How do we optimise our Call to Action with psychological techniques? One of the most effective seduction techniques towards your call to action is the Hobson + 1 technique.

Hobson who?
Thomas Hobson was a wealthy stable owner who would only allow people one choice when taking a horse. They could take the horse nearest the stable door or not go riding at all. For this reason, Hobson’s Choice has become a widely used expression for offering people only one choice between something or nothing. Hence, Hobson + 1 means offering two options to choose from.

So why use the Hobson + 1 technique?

Research has shown that when confronted with the Hobson’s Choice, we often go for the nothing rather than the something. Whereas, when an alternative choice is added, we use our mental energy to compare these choice options instead of considering the ‘nothing’ option. This makes it more likely that at least one of the two ‘somethings’ will be chosen.

For instance, the example below shows the extra option of ‘On wishlist’ below the call to action ‘Add to my shopping cart’. As a result, consumers will be more likely to click either of the two options instead of choosing nothing. 

For those who are not bored with reading this text AND are interested in why we choose between the two somethings rather than the nothing, please read the following:


Humans have three main psychological needs that motivate the self to initiate behavior that is essential for psychological health and well-being. These needs are competence, relatedness, and autonomy. When we feel related to others, feel competent in our daily work, and feel autonomy over our choices we should be psychologically healthy people.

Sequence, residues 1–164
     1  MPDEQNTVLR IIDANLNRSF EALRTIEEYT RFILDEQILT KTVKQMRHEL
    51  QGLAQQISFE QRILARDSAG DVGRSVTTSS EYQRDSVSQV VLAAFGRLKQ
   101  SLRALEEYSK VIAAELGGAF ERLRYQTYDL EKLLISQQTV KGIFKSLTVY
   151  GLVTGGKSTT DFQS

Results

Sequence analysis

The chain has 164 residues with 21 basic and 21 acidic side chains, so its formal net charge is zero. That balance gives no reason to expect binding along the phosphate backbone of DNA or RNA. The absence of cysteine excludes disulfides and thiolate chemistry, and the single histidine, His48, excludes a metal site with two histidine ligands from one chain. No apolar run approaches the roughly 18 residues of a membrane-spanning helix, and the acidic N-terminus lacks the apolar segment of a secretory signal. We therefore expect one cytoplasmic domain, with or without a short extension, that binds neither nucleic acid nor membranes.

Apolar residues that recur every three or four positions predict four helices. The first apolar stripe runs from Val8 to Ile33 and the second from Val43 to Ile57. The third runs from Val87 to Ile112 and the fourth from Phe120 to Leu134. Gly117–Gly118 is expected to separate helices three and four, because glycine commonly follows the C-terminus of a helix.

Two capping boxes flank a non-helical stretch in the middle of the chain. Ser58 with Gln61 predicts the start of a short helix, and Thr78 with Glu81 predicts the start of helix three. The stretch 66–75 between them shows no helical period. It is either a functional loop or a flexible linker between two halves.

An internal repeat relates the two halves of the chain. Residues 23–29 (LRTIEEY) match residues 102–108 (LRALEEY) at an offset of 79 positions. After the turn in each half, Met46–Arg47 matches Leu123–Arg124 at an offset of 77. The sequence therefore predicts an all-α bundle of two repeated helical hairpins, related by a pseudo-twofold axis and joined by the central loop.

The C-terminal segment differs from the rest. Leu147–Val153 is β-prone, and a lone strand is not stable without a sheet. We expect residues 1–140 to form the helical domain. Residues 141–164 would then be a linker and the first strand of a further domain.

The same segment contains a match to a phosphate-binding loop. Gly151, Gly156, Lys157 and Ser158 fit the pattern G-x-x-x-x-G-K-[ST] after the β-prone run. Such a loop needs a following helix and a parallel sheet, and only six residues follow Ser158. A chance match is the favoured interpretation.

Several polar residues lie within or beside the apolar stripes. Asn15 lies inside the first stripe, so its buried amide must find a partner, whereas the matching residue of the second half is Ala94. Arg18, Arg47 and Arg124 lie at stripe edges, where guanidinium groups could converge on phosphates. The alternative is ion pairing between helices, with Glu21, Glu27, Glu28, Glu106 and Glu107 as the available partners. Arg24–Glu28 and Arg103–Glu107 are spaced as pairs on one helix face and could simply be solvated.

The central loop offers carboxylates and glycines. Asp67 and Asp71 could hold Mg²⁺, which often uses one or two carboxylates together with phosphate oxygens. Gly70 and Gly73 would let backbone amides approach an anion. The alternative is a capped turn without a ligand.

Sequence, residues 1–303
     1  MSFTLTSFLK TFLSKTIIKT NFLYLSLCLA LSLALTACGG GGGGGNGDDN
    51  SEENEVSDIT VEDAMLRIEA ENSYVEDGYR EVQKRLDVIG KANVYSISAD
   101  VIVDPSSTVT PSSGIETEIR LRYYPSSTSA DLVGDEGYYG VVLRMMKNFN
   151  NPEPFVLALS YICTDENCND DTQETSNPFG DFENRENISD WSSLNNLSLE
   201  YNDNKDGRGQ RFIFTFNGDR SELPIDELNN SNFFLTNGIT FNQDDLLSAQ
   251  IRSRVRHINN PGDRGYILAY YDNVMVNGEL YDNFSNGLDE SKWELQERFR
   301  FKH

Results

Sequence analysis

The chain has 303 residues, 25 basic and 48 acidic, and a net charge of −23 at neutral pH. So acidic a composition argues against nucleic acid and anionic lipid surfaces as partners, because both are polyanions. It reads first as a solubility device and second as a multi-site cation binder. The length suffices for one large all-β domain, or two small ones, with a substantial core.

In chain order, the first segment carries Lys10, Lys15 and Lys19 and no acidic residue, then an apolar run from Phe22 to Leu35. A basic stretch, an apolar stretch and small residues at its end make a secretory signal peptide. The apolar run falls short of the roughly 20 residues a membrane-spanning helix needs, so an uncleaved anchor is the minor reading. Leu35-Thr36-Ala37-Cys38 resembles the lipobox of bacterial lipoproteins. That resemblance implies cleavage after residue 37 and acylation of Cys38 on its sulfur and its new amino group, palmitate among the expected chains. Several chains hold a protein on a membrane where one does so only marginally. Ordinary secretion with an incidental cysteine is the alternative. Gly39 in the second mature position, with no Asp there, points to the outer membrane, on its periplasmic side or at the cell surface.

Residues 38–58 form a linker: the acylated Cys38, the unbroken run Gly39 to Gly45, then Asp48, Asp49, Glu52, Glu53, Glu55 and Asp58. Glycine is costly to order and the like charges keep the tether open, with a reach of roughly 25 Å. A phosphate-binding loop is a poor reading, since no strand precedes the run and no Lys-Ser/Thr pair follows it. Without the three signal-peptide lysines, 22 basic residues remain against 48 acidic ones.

So, what does this have to do with the Hobson + 1?
Give consumers the feelings of autonomy by giving them a choice. When you rob someone of their autonomy, this will elicit negative emotions and as a result people will not be motivated to come to action at all. More choice options lead to positive emotions due to the feeling of autonomy. However, too many options will elicit negative emotions due to the feeling of missing out. After all, being presented with many different options can make us feel like we’re missing out on many different experiences.
Besides having no autonomy, missing opportunity is something humans also try to avoid. This is called the mechanism of loss aversion*.

Solution: the perfect balance

So, given too many options, we experience more negative than positive emotions because we feel like we’re missing out. However, not having enough options to choose from robs us of our feeling of autonomy. Is it therefore always a compromise between autonomy and opportunity? No, there is a perfect balance. As the graph below depicts, our net feelings first rise and then fall with the number of given choices. That peak however, that is Hobson +1.

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*More information on loss aversion? You can read about this in the following science article: Kahneman, D., & Tversky, A. (1979). Prospect theory: An analysis of decision under risk. Econometrica, 47, 263-291.

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